Doctors typically recommend that benzos either be used only occasionally, as in the case of patients who take Xanax when facing a panic attack, or for short-term courses, as when easing symptoms from alcohol withdrawal. The longer benzos are used, the greater the risk. Even prescribed doses, when taken for a year or longer can cause serious withdrawal problems.
Unfortunately, many people do end up using these drugs to the point of becoming addicted, either as a result of bad advice from their doctors or by choosing to continue to take the drug longer than necessary.
Doctors often prescribe medications in the benzodiazepine family to correct a chemical imbalance in the brain. So, patients who truly struggle with anxiety and panic disorders may not find the drugs to be especially “fun” or interesting. They serve to bring them to a baseline level of emotion and daily functioning.
But, when people who do not have anxiety or panic disorders take benzos, they often find that the drug can bring them a sense of deep relaxation and feelings of euphoria. Instead of taking them to correct an imbalance, they take them to boost the euphoria.
According to Addiction, people who are addicted to benzos often take 30 to 120 times more than experts recommend. Over time, they often develop a tolerance to the drug and have to find new ways to take the drugs—like snorting or injecting— in order to the get the same high. Taking extremely high doses of benzodiazepines can result in coma or death.
Some studies have shown that the number of annual benzodiazepine-related unintentional deaths have begun to outnumber those related to cocaine and heroin. Several celebrities have died in the past 10 years who had benzos in their systems that may have contributed to their deaths. Heath Ledger died in 2008 from a mix of opioid and benzo prescriptions. Amy Winehouse had Librium in her system when she died in 2011. And, Whitney Houston, when she died in 2012, had a combination of Xanax and alcohol in her system.
Benzodiazepine abuse rarely occurs alone. The majority of people who abuse benzos also use another substance (most commonly heroin, cocaine, methadone, prescription painkillers and alcohol) at the same time. Mixing benzos with any other drug that affects your nervous system—even antihistamines—can be dangerous.
For example, when a person combines Xanax and alcohol, they find themselves feeling unexpectedly sleepy and get into the shower to try to wake themselves up. Since they are so sedated, they can end up losing their ability to stay balanced and stay conscious which can lead to them falling and drowning from inhaling water into their lungs.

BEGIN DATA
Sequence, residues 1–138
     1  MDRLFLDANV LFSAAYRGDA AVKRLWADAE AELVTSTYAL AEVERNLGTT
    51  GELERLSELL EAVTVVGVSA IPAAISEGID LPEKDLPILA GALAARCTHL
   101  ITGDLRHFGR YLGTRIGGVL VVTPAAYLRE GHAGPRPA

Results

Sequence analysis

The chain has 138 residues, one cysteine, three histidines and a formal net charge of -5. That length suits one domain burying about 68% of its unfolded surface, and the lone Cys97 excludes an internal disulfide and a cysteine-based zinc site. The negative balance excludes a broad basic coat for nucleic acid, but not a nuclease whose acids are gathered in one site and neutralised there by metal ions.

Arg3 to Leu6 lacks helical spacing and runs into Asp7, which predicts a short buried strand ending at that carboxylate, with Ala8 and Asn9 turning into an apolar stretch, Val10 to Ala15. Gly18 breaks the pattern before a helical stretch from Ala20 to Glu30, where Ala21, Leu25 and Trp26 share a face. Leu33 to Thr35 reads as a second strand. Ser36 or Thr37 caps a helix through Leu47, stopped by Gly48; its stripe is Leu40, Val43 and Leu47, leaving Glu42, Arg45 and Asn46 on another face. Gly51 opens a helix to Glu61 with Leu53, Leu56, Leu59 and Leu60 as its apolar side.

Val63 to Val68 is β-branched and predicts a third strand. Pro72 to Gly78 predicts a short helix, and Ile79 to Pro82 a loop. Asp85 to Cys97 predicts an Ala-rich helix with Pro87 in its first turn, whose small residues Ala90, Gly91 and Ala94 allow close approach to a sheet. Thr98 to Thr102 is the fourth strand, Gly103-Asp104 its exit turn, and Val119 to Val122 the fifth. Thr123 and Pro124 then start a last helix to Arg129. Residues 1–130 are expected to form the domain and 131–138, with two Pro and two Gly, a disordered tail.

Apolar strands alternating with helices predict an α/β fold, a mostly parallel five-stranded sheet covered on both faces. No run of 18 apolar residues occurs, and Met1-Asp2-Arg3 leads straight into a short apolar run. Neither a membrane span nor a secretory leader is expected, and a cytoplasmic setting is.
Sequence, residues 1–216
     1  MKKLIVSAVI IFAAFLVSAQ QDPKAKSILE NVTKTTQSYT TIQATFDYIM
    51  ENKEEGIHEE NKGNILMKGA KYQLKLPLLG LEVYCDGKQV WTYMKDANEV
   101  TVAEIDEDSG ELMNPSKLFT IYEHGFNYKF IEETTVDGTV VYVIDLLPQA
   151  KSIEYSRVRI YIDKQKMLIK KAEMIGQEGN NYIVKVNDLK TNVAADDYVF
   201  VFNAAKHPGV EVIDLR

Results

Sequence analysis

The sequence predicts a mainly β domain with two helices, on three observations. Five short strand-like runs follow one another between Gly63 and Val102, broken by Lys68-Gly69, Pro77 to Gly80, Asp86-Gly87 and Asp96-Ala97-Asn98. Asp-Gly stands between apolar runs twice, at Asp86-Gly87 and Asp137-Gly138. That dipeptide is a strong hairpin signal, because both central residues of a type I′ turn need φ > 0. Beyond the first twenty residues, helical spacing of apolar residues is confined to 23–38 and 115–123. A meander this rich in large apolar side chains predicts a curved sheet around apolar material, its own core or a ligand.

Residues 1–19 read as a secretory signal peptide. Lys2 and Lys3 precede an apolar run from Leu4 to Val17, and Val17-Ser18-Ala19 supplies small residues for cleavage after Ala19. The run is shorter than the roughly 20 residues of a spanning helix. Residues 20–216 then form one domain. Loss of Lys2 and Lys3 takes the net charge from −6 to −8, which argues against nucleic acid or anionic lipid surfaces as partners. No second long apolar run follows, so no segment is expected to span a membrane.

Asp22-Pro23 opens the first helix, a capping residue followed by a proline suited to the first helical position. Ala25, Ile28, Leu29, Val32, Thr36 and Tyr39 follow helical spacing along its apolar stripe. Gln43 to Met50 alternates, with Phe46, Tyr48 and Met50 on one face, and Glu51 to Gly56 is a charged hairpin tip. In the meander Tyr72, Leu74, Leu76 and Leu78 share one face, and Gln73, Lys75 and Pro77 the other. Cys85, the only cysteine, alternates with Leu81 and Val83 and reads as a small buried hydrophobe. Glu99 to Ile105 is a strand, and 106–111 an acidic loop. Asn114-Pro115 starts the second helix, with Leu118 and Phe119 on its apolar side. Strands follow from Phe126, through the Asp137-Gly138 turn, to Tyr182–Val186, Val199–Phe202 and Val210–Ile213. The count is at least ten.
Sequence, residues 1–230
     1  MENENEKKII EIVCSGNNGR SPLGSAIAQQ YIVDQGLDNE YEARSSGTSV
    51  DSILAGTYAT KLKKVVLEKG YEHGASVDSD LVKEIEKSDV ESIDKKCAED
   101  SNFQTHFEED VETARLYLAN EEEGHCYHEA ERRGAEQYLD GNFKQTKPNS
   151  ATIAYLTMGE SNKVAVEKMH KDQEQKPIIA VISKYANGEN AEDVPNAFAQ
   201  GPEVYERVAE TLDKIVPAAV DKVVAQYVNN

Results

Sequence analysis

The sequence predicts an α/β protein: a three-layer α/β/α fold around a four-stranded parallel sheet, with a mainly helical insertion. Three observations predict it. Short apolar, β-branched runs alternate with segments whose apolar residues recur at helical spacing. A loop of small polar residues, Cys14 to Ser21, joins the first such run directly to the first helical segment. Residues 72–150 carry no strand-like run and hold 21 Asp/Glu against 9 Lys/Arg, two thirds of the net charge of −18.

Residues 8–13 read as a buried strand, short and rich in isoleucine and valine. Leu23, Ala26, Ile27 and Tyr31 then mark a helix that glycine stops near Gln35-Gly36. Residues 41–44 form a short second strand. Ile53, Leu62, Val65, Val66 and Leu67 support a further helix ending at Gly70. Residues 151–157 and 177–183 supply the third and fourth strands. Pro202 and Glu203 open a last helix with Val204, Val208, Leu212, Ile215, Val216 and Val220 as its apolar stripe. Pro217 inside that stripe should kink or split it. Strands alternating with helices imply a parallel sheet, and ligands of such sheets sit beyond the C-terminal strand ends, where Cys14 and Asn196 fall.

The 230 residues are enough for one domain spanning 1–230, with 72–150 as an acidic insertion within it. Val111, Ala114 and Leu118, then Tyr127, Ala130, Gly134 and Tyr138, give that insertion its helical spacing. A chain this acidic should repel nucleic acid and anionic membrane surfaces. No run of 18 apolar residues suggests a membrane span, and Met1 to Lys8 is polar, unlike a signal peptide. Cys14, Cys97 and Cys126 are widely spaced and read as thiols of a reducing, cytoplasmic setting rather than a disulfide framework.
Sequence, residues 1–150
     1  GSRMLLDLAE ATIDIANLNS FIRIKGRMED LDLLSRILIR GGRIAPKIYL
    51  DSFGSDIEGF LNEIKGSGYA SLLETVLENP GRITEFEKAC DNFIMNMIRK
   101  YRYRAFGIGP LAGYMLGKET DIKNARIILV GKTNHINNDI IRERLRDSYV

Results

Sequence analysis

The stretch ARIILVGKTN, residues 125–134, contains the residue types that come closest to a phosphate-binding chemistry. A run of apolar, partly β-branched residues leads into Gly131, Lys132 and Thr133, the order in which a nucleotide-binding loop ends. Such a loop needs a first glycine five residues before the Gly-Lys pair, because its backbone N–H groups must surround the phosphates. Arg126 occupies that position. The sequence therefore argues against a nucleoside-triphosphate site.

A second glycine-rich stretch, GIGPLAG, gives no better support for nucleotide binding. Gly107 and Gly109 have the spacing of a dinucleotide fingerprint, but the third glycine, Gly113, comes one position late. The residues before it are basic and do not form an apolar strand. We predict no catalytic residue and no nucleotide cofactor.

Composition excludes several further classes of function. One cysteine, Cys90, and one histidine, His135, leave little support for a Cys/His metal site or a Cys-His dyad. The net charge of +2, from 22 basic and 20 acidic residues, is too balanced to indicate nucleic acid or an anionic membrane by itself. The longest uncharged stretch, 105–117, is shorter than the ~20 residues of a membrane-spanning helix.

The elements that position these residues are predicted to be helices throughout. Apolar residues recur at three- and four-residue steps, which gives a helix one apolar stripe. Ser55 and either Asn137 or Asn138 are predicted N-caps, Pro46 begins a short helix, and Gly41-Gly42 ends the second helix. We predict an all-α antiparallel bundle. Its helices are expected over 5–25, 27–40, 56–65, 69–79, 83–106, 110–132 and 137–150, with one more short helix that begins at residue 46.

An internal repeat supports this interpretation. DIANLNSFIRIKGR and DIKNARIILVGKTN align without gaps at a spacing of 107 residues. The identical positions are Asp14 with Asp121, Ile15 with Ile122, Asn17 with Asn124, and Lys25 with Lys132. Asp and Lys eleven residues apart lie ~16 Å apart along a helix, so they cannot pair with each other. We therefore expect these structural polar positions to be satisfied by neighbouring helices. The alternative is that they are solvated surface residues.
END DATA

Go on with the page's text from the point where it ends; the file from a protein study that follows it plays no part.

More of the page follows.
It is very common for those who abuse benzos to also struggle with other disorders like depression, anxiety, panic disorders, bipolar disorders, and PTSD. Sometimes they have been prescribed these drugs as a way to manage the symptoms of these disorders. They may eventually end up abusing them, as they build up a tolerance and find themselves needing larger doses to get the same effects as before.
This is why, at The Meadows, we believe it’s important to find and treat the underlying causes of behavioral disorders, and not just the symptoms. Benzos and other substances, when used to mask the symptoms of another addiction or disorder, can contribute to a sense of powerlessness people often have about their disease. By addressing underlying trauma, patients can take back the control of their day-to-day lives from the unhealthy coping mechanisms they’ve developed in the place of real healing.
Once someone has developed a dependency on benzos, avoiding withdrawal symptoms may start to be their biggest daily motivation. Some of the signs that someone you know may be addicted to benzos are…
It is critical that those addicted to benzodiazepines get proper medical and psychological treatment from qualified addiction professionals. A cold-turkey approach to quitting benzos can be deadly due to the likelihood of developing a withdrawal syndrome. Patients need a supervised, structured withdrawal program, where they are safe and can also learn techniques, like mindfulness and meditation, for relieving the increased feeling of anxiety that can come with withdrawal.
Since benzo addiction so often occurs with other mental health issues, they also need a program where they can address their addiction, their disorder, and any underlying emotional issues that are likely fueling both. At The Meadows’ programs, we specialize in providing intensive, highly-individualize treatment for complex and cascading disorders. Although the thought of spending 45 days or more in an inpatient facility, away from the life you’re familiar with, may be scary, it is sometimes the best way to finally free yourself of the dangerous trappings of addiction. If you or someone you know needs help, give us a call today at 800-244-4949 or contact us online.
We’re nearly halfway through NCAA® March Madness® tournament. The excitement is ramping up as the team in the Sweet Sixteen prepare for the next round. Those whose brackets aren’t already busted are anxiously waiting to see if their picks will help them reign supreme over their friends and co-workers, and maybe even allow them to take home a cash prize.